When to Listen to the Analysts – While Considering Adjacent Market Entry

In my last post, I expressed the view that companies should not focus on what analysts are saying about their market.  Instead marketing organizations, typically staffed with 10-100X the personnel of analyst groups, should conduct their own primary research about competitors, new products and market trends.  But there are many scenarios in which analysts can create tremendous efficiencies and competitive advantage for marketing departments.  One such scenario is when companies are contemplating entry into an adjacent segment.

Market research subscriptions from analysts can you help you to quickly assemble a lot of information about an adjacent market in a short period of time.  Research subscriptions can you help you to quickly identify market size, market segmentation, competitive landscape and possible future trends.  Obtaining a similar level of quantitative and qualitative analysis through other means would be 100X more expensive and time-consuming.  For example, the ROI from a $100K research contract becomes very clear when you get the call from your CEO asking you to evaluate various competing market opportunities by next week’s board meeting.   Ideally, technology vendors should reassess their product and go-to-market (industry, geography, segments) strategy at least once per year an annual strategic planning process.   For example:

  • Product Expansion – Perhaps you have been selling data-center server hardware successfully for several years, but are struggling with how to achieve faster growth rates.  Market expansion options might be to begin selling peripherals such as storage devices or systems management software to monitoring the equipment.  Research and advisory services can help you to quickly gather a great deal of quantitative and qualitative information about the storage and systems management markets as a starting point for the analysis. 
  • Vertical Industries – Perhaps you are selling successfully today in the automotive segment, but are wondering whether you should consider expanding into other related manufacturing segments such as aerospace, defense, shipbuilding, heavy equipment, home appliances or high tech and electronics.  A research and advisory service can enable to you quickly assess the market conditions in adjacent vertical industries.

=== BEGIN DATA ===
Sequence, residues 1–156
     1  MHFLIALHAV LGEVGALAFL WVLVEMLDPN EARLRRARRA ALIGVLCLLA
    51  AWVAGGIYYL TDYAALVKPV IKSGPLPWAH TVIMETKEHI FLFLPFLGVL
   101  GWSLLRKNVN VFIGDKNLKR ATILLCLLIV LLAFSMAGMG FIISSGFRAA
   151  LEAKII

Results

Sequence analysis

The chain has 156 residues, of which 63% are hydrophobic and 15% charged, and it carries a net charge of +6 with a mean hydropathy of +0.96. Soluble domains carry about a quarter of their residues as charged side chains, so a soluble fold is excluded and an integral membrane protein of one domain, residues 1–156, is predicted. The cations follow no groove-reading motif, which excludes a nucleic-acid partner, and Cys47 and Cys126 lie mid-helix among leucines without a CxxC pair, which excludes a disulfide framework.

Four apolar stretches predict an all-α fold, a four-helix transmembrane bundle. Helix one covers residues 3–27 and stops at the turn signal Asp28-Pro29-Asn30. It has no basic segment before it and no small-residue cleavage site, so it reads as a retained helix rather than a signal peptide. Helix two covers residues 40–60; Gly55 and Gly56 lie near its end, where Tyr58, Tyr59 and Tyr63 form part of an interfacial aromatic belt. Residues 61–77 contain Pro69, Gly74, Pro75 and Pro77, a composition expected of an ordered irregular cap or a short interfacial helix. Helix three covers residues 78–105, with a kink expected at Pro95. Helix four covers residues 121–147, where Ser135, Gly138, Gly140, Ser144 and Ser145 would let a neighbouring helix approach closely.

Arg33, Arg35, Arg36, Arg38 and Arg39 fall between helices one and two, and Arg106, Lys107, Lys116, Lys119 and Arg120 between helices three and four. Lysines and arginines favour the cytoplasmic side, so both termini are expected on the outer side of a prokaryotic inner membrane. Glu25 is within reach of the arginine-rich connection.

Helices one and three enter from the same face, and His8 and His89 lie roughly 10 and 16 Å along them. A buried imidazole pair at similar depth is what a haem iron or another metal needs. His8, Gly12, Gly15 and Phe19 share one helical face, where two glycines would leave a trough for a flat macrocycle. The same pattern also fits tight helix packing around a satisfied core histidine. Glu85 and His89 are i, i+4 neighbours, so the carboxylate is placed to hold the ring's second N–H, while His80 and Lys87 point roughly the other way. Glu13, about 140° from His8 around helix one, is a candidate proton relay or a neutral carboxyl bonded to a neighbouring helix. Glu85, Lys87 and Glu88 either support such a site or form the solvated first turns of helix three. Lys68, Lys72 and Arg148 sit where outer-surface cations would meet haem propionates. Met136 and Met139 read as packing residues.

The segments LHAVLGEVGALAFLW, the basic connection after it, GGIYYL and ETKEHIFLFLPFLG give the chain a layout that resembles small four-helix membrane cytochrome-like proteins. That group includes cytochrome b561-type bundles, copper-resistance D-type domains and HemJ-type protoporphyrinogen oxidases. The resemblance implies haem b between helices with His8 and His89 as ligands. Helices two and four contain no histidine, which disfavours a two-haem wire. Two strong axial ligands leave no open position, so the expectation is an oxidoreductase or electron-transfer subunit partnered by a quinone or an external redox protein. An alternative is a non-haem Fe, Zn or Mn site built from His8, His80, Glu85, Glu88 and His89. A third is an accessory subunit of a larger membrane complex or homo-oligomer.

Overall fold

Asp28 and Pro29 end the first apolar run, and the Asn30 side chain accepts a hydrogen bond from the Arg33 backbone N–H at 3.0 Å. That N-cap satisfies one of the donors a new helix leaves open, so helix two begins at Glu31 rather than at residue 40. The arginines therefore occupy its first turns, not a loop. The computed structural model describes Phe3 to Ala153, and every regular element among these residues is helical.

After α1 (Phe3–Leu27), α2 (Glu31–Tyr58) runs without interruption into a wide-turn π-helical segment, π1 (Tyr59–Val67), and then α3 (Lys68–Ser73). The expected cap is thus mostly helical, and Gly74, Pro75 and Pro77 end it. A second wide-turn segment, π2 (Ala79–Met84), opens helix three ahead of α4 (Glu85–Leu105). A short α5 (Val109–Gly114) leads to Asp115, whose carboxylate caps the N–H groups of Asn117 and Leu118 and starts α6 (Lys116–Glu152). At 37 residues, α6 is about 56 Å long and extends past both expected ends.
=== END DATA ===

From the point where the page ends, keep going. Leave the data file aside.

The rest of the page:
• Geographic Regions – Perhaps you are a US-based company which expanded last year into the United Kingdom.  Having met your sales objectives for the UK you may be considering whether to expand into adjacent markets such as Belgium, France, Germany or the Netherlands.  Market research from the analysts can help you to gather data about the competitive landscape, market size and customer priorities within each of the Western European countries.
  • Customer Segments – Perhaps you have a business application which you have been selling into large enterprises for several years, but are nearing a point of market saturation.  You should be considering whether to go down-market to sell into the mid-market.  A research and advisory service can help you to quickly “get smart” on how the purchasing patterns, capital budgets and technology environments of the mid-market differ from large enterprises.

The recommendations above may sound obvious.  But most technology vendors do not leverage market research for strategic planning as I described above.   Instead, the analyst relations team focuses their investments on purchasing research subscriptions that cover the immediate market segments the company is targeting today.  Internal research analysts, which are charged with monitoring the subscriptions for relevant content, only read, comment and distribute on reports that mention themselves or one of their competitors.  

When the annual strategic planning cycle comes around, marketing leaders at technology vendors often find that they have not subscribed to the appropriate market research services.  They have an overwhelming amount of information about their current addressable market, but very little about adjacent product segments, vertical industries, geographic regions or customer segments.  Consequently, the marketing team cannot effectively answer key questions that the board and executive team have about how best to grow revenues by entry into adjacent markets.  Herein lays the tragedy of today’s market research construct.   Most analysts would like nothing more than to consult their clients on long-term strategic planning decisions about entry into new markets.  However, very rarely does the conversation occur because of the myopic perspective of the analyst relations departments charged with the purchasing decisions for research and advisory services. 

More thoughts on when to listen to the analysts in upcoming posts…

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